…that said, I think most trumpet players will find high notes a lot easier with the 14A4a, even those who do not have a lot of high note experience under their belt.
Agility (flexibility and ease of moving around)
A lot of high note mouthpieces are coming up short in this department, but I do not have that issue with the 14A4a. It’s pretty easy to move around and the flexibility is good. This makes it good for fast passages in the big band.
General Feel When Playing
Well, it’s difficult to describe what things feels like, but I would say it does has a bit of resistance to the blow. That kind of resistance that lifts the note when you push against it. Step on the gas and the your note ascend, cuts and sizzles, with power behind it. I like the way it feels to play. because it makes me feel…
…well, strong, I guess. Hey, don’t judge, we all like that 😉
Compared to other popular mouthpieces
- Yamaha 14A4a vs Shilke 14A4a
It is a bit similar to the Shilke 14A4a, but the Yamaha rim feels better on my lips than the Shilke does. The rim also feels a tiny bit smaller on the Yamaha 14A4a. In my opinion it is also easier to “bottom out” on the Shilke, meaning your lips my touch the bottom of the cup and stop vibrating. This is due to the different rim/cup shapes on the inside.
- Yamaha 14A4a vs Bach 3C
Oh, the Yamaha is shallower, even though the 3c is a bit shallower than other Bach “c” cups, the Yamaha is shallower than the Bach 3c. Also, the Bach 3c is more of an “all-around mouthpiece” and not a lead / high note mouthpiece. That said, many people use the 3c for high register playing as well.
The low notes come out just fine, but as I already pointed out. It is not designed to shine in the bottom register. This means that the sound is not that big, resonant and “meaty” in the bottom register.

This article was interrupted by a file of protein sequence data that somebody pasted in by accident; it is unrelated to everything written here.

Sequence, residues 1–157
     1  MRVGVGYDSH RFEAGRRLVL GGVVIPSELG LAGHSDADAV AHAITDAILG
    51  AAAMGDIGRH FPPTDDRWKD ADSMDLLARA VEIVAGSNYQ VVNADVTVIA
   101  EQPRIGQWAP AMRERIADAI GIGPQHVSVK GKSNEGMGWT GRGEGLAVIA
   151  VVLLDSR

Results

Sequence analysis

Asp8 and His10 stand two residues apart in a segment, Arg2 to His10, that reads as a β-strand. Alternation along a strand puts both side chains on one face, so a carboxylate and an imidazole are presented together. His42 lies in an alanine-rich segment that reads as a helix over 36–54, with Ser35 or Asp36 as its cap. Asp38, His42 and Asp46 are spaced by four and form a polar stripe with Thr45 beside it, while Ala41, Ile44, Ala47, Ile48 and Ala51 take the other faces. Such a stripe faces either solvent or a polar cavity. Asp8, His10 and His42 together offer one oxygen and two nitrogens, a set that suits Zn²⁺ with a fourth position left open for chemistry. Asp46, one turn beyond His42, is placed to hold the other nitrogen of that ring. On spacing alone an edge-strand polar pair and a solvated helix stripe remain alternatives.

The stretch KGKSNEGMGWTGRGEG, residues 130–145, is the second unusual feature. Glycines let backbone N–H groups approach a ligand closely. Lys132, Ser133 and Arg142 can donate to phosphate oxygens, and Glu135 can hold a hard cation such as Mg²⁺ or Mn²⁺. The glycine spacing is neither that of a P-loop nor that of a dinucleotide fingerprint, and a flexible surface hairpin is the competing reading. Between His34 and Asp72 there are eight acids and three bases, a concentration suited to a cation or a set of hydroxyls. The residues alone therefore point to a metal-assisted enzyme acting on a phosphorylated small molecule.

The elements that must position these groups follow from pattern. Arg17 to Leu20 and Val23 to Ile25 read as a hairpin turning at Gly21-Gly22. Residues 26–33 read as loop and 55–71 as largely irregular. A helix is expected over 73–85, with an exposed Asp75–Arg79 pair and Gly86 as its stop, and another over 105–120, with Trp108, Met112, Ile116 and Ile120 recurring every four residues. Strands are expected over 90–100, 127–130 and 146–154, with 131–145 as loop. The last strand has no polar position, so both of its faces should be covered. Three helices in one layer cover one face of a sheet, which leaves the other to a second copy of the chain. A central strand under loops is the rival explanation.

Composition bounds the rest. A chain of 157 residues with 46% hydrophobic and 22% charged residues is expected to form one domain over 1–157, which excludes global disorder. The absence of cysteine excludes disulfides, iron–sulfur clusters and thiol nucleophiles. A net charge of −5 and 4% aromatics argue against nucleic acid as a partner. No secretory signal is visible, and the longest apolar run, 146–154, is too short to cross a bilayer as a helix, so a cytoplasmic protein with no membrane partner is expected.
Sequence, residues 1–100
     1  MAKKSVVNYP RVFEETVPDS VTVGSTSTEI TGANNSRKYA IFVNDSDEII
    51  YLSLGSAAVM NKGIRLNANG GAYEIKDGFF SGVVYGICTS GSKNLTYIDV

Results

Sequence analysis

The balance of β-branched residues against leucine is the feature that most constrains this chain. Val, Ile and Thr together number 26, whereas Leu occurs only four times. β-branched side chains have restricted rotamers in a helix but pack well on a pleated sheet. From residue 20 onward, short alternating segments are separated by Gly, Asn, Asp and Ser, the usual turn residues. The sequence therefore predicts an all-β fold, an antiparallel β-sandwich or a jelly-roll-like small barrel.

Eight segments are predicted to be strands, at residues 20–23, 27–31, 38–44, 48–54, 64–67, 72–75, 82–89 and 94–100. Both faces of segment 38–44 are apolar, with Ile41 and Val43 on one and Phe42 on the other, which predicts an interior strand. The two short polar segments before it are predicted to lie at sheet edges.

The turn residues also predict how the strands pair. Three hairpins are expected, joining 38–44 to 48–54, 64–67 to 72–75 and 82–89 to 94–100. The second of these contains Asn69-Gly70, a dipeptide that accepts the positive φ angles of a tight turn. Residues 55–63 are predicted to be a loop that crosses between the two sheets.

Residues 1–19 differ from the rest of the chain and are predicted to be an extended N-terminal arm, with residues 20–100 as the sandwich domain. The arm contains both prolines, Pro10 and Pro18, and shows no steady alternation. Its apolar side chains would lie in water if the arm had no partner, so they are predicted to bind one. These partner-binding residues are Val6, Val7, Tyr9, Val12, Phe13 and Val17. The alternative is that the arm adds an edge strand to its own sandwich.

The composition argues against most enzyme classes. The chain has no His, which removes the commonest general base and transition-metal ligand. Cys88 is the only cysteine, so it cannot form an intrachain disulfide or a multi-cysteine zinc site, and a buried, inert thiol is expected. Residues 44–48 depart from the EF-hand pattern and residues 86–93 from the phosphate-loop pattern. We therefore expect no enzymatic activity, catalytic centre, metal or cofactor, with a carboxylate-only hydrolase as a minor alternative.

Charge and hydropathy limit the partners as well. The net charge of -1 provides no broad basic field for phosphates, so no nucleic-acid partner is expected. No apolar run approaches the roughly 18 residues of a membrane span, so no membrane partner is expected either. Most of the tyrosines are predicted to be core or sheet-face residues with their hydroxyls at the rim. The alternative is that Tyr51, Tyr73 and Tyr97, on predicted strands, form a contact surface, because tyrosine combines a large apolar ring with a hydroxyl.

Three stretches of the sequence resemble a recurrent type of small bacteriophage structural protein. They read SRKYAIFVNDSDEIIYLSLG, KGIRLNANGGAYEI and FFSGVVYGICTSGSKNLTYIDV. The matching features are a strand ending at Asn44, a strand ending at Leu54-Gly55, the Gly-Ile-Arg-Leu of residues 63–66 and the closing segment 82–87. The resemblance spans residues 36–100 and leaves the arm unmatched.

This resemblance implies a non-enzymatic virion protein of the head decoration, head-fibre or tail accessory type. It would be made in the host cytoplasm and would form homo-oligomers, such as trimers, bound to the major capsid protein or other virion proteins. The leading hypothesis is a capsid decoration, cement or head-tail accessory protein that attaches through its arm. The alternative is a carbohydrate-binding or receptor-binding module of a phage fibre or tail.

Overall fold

They do come out easily though, so if you have a “low note passage” in the middle of, an otherwise, high note piece, you will do just fine.
Final Rating: 8.6 / 10
After looking at every aspect, and when I weigh them against the price, I will give this high note mouthpiece a score of 8.6 out of 10. This is a very good score indeed. Just like it needs to be…
…a good score for a good mouthpiece.
Is it worth the money?
It’s high quality, easy to play screaming high notes on, and on top of that it is literally one of the cheapest mouthpieces you can find.
I mean really. At the time of writing this blog post, I paid more for eating at McDonald’s, yesterday evening, than what this mouthpiece cost. Just click here to check prcing at Amazon, and you’ll see exactly what I mean.
There are a lot of high note trumpet mouthpieces out there and the 14A4a is another good one.
Is it the best one for you?
I don’t know, we are all different and what works for one, might not work for anotherone. It is certainly worth a try though, since the price is, as I already said, SHOCKINGLY low. Click here to check pricing at Amazon. It has also got a lot of great testimonials over there.
Take a look at this video because Mr. Harrelson explains some very interesting things about mouthpieces in general, and he also talks about the 14A4a, and gives a demonstartion by playing it!
Thank you for reading this Yamaha 14A4a trumpet mouthpiece review. I hope you found it informative.
Keep practicing and remember to have fun while doing it.
2 thoughts on “Yamaha 14A4a Lead Trumpet Mouthpiece Review”
Hi is there a deeper cup type 14a4a made by anyone?
The Schilke 15A4a is wider and a touch deeper. It has a better low register.